Importance of molecular level techniques to study the binding of radioactive and stable trace substances to NOM compounds
Particle-reactive radionuclides will only become tracers for any particle cycling process if we know what they are attached to. Thus, it is important to decipher the exact compound and binding site, be they inorganic or organic in nature. For organic compounds, it is then necessary to use molecular-level techniques in conjunction with radiochemical techniques. Using a combination, Santschi was able to show that, at environmental levels, many radionuclides, such as those of Pu, Th, and Po, are found at significant levels in the colloidal, macromolecular fraction in soil and marine particles, tightly bound to specific chelating molecules such as hydroxamate siderophores for Pu (Xu et al. 2015), and Th, Po, Pa (Chuang et al. 2013) in sinking particles. This is surprising since siderophores are produced by micro-organisms to solubilise iron to make it available as a micronutrient.
Such a process is novel and, if confirmed, indicates that the ecosystem as a whole might benefit by transporting iron chelates to the bottom of the ocean, where they can be made accessible to benthic macro- and micro-flora. Another trace element, iodine, which also has a long-lived radioisotope (129I) that is a major risk driver for radionuclide waste disposal, has been identified as covalently bound to specific binding sites in aromatic moieties of macromolecules (Xu et al. 2012), moieties broadly similar to those of thyroxine in the human body.
Macromolecular organic carrier compounds of radioactive and other trace substances
When Santschi’s team studied the sorption of selected natural radionuclides (234Th, 233Pa, 210Po, 210Pb, and 7Be) onto inorganic (pure silica and acid-cleaned diatom frustules) and organic (diatom cells with or without silica frustules) particles in natural seawater, the role of templating biomolecules and EPS associated with the same species of diatom, Phaeodactylum tricornutum, it was revealed that the sorption of all radionuclides was much higher in the presence of templating or surrounding organic matter molecules associated with the diatoms (Chuang et al. 2015). The results strongly indicated that EPS and frustule-embedded biomolecules in diatom cells are responsible for the sorption enhancement rather than the bare silica shell itself. Isoelectric focusing results suggested that each radionuclide binds to specific biopolymeric functional groups, with the most efficient binding sites likely occurring in acid polysaccharides, iron hydroxides and proteins.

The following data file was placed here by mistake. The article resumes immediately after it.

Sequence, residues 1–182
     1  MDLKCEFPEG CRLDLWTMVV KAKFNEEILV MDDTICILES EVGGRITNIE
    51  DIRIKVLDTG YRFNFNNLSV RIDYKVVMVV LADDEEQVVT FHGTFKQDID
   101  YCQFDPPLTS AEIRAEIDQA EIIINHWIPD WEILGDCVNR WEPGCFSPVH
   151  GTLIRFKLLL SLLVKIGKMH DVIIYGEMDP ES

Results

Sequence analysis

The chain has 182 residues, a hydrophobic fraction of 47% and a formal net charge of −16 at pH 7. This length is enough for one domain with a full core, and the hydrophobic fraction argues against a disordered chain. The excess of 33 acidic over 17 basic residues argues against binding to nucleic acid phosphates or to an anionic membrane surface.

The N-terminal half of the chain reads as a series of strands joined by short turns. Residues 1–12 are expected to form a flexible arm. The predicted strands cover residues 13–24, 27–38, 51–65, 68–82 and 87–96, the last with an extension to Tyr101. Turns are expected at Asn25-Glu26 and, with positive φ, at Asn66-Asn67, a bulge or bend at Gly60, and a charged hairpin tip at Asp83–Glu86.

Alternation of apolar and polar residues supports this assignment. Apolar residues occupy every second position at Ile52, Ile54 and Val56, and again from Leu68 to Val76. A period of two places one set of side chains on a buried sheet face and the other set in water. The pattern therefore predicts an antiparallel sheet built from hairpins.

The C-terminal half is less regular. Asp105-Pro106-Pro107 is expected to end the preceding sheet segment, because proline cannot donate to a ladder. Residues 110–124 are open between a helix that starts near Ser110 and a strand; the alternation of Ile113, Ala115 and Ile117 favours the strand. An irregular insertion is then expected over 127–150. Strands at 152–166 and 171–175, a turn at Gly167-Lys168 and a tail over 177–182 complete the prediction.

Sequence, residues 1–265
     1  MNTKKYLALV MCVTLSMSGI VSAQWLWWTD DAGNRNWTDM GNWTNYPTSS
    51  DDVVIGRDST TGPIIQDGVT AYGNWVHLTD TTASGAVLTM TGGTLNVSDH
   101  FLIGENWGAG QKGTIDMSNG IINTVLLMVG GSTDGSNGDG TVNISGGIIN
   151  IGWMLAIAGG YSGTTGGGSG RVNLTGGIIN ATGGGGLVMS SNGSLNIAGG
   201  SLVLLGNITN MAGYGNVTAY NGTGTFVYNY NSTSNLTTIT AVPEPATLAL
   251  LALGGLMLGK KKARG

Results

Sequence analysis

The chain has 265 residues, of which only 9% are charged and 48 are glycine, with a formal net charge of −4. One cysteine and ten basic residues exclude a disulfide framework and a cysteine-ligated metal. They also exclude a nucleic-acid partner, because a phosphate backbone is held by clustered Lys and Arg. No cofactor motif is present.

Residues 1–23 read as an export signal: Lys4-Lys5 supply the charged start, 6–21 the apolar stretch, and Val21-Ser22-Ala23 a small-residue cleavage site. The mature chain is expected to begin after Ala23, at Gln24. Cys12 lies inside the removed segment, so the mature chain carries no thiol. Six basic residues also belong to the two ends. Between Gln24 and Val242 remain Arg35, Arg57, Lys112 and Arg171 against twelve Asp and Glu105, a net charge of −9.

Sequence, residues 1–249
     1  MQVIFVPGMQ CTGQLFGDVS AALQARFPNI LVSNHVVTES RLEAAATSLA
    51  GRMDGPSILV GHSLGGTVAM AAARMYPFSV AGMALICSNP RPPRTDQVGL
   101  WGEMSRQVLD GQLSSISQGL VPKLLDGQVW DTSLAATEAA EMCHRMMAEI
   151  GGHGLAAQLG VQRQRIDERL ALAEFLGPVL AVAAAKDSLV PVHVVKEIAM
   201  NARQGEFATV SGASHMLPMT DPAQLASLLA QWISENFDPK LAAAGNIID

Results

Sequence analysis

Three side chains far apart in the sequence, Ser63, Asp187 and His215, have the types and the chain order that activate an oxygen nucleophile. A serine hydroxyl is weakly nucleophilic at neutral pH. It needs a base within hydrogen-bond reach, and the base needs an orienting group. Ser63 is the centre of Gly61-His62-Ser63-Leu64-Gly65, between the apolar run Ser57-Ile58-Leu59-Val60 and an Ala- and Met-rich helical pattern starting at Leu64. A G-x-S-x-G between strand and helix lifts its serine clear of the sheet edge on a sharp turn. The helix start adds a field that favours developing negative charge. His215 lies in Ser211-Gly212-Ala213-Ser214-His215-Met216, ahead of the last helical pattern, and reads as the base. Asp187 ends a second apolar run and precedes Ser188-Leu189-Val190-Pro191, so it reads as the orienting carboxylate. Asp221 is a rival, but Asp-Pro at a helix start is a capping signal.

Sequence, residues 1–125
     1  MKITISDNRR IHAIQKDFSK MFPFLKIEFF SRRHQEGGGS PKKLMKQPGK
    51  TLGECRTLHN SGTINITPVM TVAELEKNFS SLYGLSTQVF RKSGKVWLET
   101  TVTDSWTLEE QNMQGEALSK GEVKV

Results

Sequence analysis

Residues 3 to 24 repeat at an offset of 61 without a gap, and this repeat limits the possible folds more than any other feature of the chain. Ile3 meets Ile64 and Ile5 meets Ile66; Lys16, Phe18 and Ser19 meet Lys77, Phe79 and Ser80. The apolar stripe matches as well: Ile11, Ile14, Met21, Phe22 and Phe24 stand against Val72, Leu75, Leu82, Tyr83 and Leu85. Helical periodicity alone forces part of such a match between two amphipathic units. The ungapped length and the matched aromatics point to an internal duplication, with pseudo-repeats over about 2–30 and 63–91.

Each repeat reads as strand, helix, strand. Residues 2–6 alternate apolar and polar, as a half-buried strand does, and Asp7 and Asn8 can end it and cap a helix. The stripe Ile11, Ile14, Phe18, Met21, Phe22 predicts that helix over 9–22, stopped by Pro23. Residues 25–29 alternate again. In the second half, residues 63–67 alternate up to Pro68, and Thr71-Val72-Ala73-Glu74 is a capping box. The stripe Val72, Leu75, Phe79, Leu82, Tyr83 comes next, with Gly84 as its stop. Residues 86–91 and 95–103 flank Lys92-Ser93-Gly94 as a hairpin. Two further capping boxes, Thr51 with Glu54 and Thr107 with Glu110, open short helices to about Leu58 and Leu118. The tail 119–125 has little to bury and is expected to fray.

Santschi’s team also showed that Coccolithophore-associated organic biopolymers, rather than biogenic calcite, serve as the main carrier phases for Th and Pa, and that Po, Pb and Be are also incorporated into biogenic calcite to substitute for Ca2+ during coccolith formation (Lin et al. 2017), and that different patterns of fractionation between radionuclides occur for coccolithophores versus diatom-dominated systems.
Marine oil snow formation as a vehicle to remove oil spills
Most recently, Santschi became involved in studies of oil removal through ‘marine oil snow’ (MOS) formation and particle aggregation, whereby his team showed, in mesocosms that simulate critical processes in the water, that oil removal from the water is facilitated by microbial EPS production (Quigg et al. 2016), but is greatly decreased when corexit, a surfactant and emulsifier, is used, when only small amounts of ballasting minerals of terrestrial or marine origin are present.
This is relevant as during the Deep Water Horizon oil spill in 2010, which released “live oil” into the Gulf of Mexico (that is, a mixture of oil and natural gas with very high vapour pressures), significant amounts were subsequently found at the bottom of the ocean.